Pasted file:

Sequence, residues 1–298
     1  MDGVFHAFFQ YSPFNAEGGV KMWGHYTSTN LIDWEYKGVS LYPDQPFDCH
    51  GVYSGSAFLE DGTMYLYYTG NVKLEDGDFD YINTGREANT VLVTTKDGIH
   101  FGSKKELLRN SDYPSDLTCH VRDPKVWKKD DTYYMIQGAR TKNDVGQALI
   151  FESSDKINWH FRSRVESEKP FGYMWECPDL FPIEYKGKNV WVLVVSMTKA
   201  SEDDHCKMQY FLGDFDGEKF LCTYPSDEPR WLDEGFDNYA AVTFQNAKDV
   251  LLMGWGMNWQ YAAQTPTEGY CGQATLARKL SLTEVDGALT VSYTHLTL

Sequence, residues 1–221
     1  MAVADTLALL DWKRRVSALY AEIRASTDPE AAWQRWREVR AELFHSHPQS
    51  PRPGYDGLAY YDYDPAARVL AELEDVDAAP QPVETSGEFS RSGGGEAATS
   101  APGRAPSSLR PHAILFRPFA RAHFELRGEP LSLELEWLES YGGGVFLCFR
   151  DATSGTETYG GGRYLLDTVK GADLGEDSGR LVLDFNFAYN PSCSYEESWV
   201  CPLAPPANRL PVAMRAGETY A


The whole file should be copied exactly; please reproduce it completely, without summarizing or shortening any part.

Sequence, residues 1–298
     1  MDGVFHAFFQ YSPFNAEGGV KMWGHYTSTN LIDWEYKGVS LYPDQPFDCH
    51  GVYSGSAFLE DGTMYLYYTG NVKLEDGDFD YINTGREANT VLVTTKDGIH
   101  FGSKKELLRN SDYPSDLTCH VRDPKVWKKD DTYYMIQGAR TKNDVGQALI
   151  FESSDKINWH FRSRVESEKP FGYMWECPDL FPIEYKGKNV WVLVVSMTKA
   201  SEDDHCKMQY FLGDFDGEKF LCTYPSDEPR WLDEGFDNYA AVTFQNAKDV
   251  LLMGWGMNWQ YAAQTPTEGY CGQATLARKL SLTEVDGALT VSYTHLTL

Sequence, residues 1–221
     1  MAVADTLALL DWKRRVSALY AEIRASTDPE AAWQRWREVR AELFHSHPQS
    51  PRPGYDGLAY YDYDPAARVL AELEDVDAAP QPVETSGEFS RSGGGEAATS
   101  APGRAPSSLR PHAILFRPFA RAHFELRGEP LSLELEWLES YGGGVFLCFR
   151  DATSGTETYG GGRYLLDTVK GADLGEDSGR LVLDFNFAYN PSCSYEESWV
   201  CPLAPPANRL PVAMRAGETY A